Stupid Things to Do with Your Hearing Aids
Really, how many old hearing aid molds does a person need to keep?
The Hearing Husband and I recently sold the house we’d lived in for 16 years, and it was time to clean out the Stuff We Don’t Need. It was an excruciatingly slow process, the drawer-to-drawer, closet-to-closet search of accumulated things, deciding what to keep and what to throw out. Towards the end of the cull, you’re cranky and start pitching out anything you can’t brush your teeth with or wear to this year’s Christmas party.
Then, pay dirt! Literally. I discovered my cache of old hearing aid pieces that I’d forgotten I was hoarding—the brownest, most disgusting things I’d come across so far. The archeological find revealed five ear molds, circa pre-1994 which is when I switched to CICs (completely in the canal hearing aids), two sets of green molds that manufacturers use to make the aids, four sets of CICs, and various tiny cleaning utensils that, of course, I could never find when I needed them! Missing from the cache were the actual behind-the-ear (BTE) technical pieces, which I must have donated to charitable organizations for repurposing. Accounted for was the hearing aid the dog ate; the screws, springs and plastic bits surviving that midnight munch had not been worth keeping.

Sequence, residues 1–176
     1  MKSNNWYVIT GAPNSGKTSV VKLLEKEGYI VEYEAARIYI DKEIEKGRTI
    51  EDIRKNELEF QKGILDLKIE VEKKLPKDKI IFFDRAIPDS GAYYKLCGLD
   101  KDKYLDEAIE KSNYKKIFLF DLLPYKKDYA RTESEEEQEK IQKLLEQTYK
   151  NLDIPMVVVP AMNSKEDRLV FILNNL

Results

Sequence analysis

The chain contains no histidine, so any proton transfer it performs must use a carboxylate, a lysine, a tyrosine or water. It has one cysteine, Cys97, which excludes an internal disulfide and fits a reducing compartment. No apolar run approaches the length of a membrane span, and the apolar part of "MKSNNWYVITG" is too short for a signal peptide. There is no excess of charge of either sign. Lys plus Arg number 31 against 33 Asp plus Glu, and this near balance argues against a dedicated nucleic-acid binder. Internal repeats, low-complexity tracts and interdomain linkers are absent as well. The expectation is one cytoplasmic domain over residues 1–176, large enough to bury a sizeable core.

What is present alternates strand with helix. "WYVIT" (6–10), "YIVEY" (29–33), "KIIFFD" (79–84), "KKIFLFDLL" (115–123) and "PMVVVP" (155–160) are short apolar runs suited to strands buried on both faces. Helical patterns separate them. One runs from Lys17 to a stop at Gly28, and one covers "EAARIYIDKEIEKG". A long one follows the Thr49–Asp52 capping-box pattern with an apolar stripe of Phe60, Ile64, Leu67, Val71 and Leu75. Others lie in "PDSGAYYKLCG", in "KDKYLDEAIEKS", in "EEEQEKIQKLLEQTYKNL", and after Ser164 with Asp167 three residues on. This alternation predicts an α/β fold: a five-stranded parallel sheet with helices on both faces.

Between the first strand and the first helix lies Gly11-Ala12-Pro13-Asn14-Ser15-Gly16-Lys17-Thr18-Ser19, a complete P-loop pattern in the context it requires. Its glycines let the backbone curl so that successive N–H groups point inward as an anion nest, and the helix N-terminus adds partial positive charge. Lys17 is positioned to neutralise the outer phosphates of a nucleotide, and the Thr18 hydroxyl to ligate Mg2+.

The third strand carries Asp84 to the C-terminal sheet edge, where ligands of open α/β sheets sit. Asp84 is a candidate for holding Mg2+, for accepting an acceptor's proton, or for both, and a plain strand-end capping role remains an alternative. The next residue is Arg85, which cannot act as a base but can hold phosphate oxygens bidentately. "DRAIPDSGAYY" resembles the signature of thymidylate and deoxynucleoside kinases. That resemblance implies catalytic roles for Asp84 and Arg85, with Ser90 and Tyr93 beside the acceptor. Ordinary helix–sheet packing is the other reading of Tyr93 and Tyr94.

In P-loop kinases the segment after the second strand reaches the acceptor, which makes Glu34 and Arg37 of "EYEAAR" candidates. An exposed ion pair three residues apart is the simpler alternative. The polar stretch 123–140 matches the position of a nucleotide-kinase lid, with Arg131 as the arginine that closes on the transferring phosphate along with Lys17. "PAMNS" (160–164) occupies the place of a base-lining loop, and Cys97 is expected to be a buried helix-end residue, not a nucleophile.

These old ear molds and CICs gave me a pang of nostalgia, especially the detachable BTE ear molds. I’d loved wearing them; they always fit like a second skin and through the years I’d spent many happy minutes blowing moisture bubbles out of the plastic tubing.
Sitting on my bedroom floor with decades of brittle hearing technology in my hands, I remembered those good times, as well as the silly dangers to which I’d exposed my hearing aids. Miraculously, most had survived the attacks and passed away of old age. By my calculation, 1 hearing aid year = 16 human years, but here are a few of the stupid things thatanybody can do to shorten the lifespan of their hearing aids.
- Wear them into the shower. At almost the exact same moment that you think, “My, that sounds like a pretty waterfall”, reality hits and you jump out of the shower, taking the shower curtain with you. This happens fast, a split nano-second of time, because the potential drowning of $4000 worth of hearing aids is the only thing that could make you move that quickly—especially naked.